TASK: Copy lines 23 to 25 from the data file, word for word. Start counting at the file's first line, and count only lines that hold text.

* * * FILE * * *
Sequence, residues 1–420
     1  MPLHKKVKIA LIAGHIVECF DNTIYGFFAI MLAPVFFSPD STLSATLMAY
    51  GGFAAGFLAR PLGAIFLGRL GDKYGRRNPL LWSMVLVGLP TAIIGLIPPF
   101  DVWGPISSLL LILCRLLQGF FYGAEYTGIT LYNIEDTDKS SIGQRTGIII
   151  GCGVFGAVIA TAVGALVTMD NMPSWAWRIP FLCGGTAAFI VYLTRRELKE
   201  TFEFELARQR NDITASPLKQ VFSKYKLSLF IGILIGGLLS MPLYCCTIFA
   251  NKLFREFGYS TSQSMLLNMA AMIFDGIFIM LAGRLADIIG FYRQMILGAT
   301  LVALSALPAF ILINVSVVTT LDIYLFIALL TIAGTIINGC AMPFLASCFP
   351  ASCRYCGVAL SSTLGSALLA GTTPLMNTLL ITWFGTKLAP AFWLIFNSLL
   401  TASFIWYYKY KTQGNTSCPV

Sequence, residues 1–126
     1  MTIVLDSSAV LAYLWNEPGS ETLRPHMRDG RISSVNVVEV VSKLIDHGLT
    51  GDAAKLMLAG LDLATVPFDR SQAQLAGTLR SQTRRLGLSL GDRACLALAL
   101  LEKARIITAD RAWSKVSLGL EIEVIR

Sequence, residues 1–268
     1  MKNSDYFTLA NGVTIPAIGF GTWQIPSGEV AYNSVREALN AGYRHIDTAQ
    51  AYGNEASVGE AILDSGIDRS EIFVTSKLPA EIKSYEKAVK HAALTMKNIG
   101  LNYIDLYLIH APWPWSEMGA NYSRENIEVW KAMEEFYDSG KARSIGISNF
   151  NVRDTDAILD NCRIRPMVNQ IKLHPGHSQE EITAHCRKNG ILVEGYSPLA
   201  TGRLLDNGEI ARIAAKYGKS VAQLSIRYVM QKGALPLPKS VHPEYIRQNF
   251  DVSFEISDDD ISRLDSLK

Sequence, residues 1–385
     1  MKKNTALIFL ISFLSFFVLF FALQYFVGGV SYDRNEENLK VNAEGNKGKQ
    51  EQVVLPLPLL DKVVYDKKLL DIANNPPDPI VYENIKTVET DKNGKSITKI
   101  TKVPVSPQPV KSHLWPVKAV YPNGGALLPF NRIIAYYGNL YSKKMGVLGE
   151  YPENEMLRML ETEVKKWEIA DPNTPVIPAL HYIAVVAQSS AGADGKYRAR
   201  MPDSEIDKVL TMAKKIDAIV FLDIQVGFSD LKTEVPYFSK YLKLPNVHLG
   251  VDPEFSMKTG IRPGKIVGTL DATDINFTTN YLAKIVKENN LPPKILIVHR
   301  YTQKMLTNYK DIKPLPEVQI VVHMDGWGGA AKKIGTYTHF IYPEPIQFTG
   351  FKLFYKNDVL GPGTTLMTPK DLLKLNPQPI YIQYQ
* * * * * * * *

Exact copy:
     1  MKKNTALIFL ISFLSFFVLF FALQYFVGGV SYDRNEENLK VNAEGNKGKQ
    51  EQVVLPLPLL DKVVYDKKLL DIANNPPDPI VYENIKTVET DKNGKSITKI
   101  TKVPVSPQPV KSHLWPVKAV YPNGGALLPF NRIIAYYGNL YSKKMGVLGE